Saturday, November 28, 2009
The Mask of Fu Manchu
[This is a contribution to the Boris Karloff Blogathon, which has taken place from November 23-29 at the Frankensteinia blog.]
The Mask of Fu Manchu is, it has to be said, an utterly bizarre movie in so many ways. This quickie shocker casts Boris Karloff as the titular Fu Manchu, a sinister Chinese scientist and criminal who's determined to find the sword and mask of Genghis Khan in order to secure his own power as a new world conquerer. In order to do so, he kidnaps the professor Lionel Barton (Lawrence Grant), who's about to lead an expedition to the newly discovered tomb of Khan. When this doesn't work, Fu Manchu sends out inept assassins, kidnaps more scientists and adventurers, concocts elaborate torture devices involving pits of crocodiles and spiked walls, and plots in his laboratory with his slinky, oversexed daughter Fah Lo See (Myrna Loy). The plot is so over-the-top it's not worth taking seriously, so it's fortunate that the film, directed by Charles Brabin (replacing Charles Vidor, who was fired after a few days), offers up plenty of outrageous images and outlandish moments to distract from its ludicrous narrative.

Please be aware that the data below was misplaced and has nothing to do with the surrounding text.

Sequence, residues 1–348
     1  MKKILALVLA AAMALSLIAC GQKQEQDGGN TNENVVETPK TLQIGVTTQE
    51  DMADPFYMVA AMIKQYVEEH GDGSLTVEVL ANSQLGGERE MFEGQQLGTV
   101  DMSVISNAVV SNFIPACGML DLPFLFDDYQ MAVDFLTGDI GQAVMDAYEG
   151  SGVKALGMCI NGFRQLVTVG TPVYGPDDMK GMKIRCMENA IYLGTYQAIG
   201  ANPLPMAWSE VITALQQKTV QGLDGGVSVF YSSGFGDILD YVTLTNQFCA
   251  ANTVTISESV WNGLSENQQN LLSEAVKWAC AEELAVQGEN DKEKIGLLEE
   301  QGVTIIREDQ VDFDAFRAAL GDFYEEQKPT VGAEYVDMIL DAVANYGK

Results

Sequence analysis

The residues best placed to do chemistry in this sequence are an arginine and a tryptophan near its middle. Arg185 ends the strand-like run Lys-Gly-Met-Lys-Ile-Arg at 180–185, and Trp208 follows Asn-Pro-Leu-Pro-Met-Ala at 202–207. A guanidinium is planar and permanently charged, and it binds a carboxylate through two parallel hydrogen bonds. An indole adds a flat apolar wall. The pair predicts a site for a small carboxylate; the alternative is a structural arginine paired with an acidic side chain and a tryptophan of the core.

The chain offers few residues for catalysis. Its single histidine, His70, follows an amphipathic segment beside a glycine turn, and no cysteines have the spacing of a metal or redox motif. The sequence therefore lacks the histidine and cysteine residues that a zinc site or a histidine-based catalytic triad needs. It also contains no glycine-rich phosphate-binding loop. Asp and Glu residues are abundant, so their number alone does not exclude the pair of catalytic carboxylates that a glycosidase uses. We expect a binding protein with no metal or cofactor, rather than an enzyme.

The film's whole construction is rough and even sloppy. Everything seems to be happening at an accelerated pace, as though the actors were instructed to get through every scene as quickly as possible. This is often frankly hilarious, as the actors spit out lines, sometimes stumbling and stuttering — mistakes that obviously no one thought were worth doing another take to correct — or scrambling to perform some physical task at triple speed. The film was made early in the talkie era, and this too shows in the roughshod aesthetic. Brabin films mostly in static tableaux from a distance, occasionally tracking into or out of the scene but mostly just setting up and letting the action play out in front of the camera.